Russian President Vladimir Putin on Wednesday argued that Syrian rebels were behind a chemical weapons attack which prompted the United States to threaten military strikes against Bashar Al-Assad's regime.
Writing in a New York Times opinion piece released late on Wednesday, he suggested they had carried out the attack to provoke foreign military intervention in their favour.
Putin made the allegation on the eve of high-level talks in Geneva between US and Russian diplomats.
In a demonstration of the vast gulf between the US and Russian positions, Putin said Assad's opponents were responsible for the August 21 attack in Ghouta.
The United States says the attack left more than 1,400 people dead.
President Barack Obama has pushed for military action against Syria following the attack, which the US, its allies and several independent monitors have said was carried out by Syrian government forces.
"No one doubts that poison gas was used in Syria," Putin wrote.
"But there is every reason to believe it was not used by the Syrian Army but by opposition forces, to provoke intervention by their powerful foreign patrons, who would be siding with the fundamentalists."
Putin's commentary appeared as US Secretary of State John Kerry headed to Geneva for talks with his Russian counterpart Sergei Lavrov on a proposal to make Syria give up its chemical weapons.
Putin meanwhile warned that any US military strike on Syria which took place without United Nations approval would undermine the global body and risk triggering a wider regional conflict.
Such military action would "result in more innocent victims and escalation, potentially spreading the conflict far beyond Syria's borders," Putin wrote.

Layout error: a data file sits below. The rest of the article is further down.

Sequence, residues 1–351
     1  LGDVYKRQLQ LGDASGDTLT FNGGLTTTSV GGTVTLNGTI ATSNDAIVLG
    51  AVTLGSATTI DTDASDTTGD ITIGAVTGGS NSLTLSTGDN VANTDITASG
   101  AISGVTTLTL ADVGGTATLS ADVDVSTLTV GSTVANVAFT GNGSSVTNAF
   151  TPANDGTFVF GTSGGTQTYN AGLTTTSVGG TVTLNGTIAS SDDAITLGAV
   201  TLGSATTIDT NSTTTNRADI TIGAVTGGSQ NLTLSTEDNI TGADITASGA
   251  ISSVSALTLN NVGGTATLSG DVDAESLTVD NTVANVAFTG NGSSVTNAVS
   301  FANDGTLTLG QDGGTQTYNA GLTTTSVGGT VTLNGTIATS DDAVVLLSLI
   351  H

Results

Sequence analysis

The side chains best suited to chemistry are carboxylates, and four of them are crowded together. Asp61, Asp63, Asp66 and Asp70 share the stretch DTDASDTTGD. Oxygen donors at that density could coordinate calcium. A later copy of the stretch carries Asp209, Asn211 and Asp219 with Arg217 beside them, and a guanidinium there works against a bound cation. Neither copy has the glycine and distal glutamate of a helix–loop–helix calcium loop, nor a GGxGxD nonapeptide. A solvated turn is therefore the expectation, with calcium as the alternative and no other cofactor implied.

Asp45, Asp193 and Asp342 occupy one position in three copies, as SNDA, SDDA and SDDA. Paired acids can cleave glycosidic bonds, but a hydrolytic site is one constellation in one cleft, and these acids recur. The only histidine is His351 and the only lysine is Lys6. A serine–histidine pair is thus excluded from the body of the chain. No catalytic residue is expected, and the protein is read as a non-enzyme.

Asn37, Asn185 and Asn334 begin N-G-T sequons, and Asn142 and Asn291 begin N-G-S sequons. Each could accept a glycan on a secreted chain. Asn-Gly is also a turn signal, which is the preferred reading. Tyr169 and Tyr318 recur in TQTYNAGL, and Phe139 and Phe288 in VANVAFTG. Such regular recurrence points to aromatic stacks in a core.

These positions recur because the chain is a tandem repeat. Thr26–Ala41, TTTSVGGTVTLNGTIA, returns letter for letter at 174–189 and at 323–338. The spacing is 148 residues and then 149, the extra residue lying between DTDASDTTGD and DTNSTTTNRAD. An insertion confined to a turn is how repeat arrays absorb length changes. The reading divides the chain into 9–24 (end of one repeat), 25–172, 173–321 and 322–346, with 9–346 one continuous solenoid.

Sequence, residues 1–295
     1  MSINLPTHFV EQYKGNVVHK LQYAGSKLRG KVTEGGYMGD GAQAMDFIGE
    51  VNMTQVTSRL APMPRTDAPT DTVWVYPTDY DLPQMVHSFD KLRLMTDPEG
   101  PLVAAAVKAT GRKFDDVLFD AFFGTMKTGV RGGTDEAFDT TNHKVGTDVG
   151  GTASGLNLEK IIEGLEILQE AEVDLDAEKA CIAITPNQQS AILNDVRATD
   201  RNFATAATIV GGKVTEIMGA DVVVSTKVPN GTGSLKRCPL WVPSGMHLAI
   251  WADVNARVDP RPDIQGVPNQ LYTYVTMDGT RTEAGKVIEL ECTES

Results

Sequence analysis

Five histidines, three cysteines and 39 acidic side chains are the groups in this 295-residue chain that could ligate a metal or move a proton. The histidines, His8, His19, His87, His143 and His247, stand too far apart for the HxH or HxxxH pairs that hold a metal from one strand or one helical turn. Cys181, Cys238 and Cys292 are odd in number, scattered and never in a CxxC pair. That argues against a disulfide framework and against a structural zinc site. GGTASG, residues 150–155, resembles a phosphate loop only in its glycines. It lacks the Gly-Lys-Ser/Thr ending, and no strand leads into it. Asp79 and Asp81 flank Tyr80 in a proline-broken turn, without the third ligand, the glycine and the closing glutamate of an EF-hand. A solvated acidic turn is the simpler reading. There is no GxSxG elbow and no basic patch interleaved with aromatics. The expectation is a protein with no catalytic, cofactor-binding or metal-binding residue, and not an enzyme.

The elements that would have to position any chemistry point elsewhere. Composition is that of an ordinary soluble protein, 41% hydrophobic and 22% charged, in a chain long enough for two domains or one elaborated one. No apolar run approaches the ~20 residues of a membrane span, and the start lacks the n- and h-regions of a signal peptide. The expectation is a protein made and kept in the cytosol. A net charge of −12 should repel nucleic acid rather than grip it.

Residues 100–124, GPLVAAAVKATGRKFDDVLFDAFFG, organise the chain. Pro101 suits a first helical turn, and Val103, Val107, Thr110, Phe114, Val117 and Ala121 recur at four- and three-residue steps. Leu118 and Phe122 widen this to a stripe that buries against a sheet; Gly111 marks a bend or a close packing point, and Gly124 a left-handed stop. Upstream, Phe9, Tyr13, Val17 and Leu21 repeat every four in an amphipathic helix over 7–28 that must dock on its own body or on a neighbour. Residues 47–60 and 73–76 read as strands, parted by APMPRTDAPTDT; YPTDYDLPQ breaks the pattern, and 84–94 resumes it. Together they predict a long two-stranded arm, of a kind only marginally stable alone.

Putin characterized his unusual appearance in the Times as an opportunity to "speak directly to the American people and their political leaders.
"No one wants the United Nations to suffer the fate of the League of Nations, which collapsed because it lacked real leverage," he added.
"This is possible if influential countries bypass the United Nations and take military action without Security Council authorization."
Russia has repeatedly indicated it will veto any UN resolution which seeks to blame Assad's government for the Ghouta attack.
Putin wrote in his commentary that an American military strike could lead to massive loss of life and would foment turmoil throughout the already restive Middle East.
"A strike would increase violence and unleash a new wave of terrorism.
"It could undermine multilateral efforts to resolve the Iranian nuclear problem and the Israeli-Palestinian conflict and further destabilize the Middle East and North Africa.
"It could throw the entire system of international law and order out of balance."
Putin's warning gave way to a broad critique of US foreign policy in the post 9/11-era.
He accused America of pursuing foreign policy by "brute force" and said it had failed in Iraq, Afghanistan and Libya.
"Millions around the world increasingly see America not as a model of democracy but as relying solely on brute force, cobbling coalitions together under the slogan 'you're either with us or against us'.
"But force has proved ineffective and pointless," Putin argued: Afghanistan was "reeling," Libya was "divided" and Iraq had been left with an ongoing civil war where "dozens" died every day.
He concluded with a damning critique of America's cherished ideological doctrine of "American exceptionalism."
"It is extremely dangerous to encourage people to see themselves as exceptional, whatever the motivation," he said.
"There are big countries and small countries, rich and poor, those with long democratic traditions and those still finding their way to democracy.
"We are all different (but) ... we must not forget that God created us equal."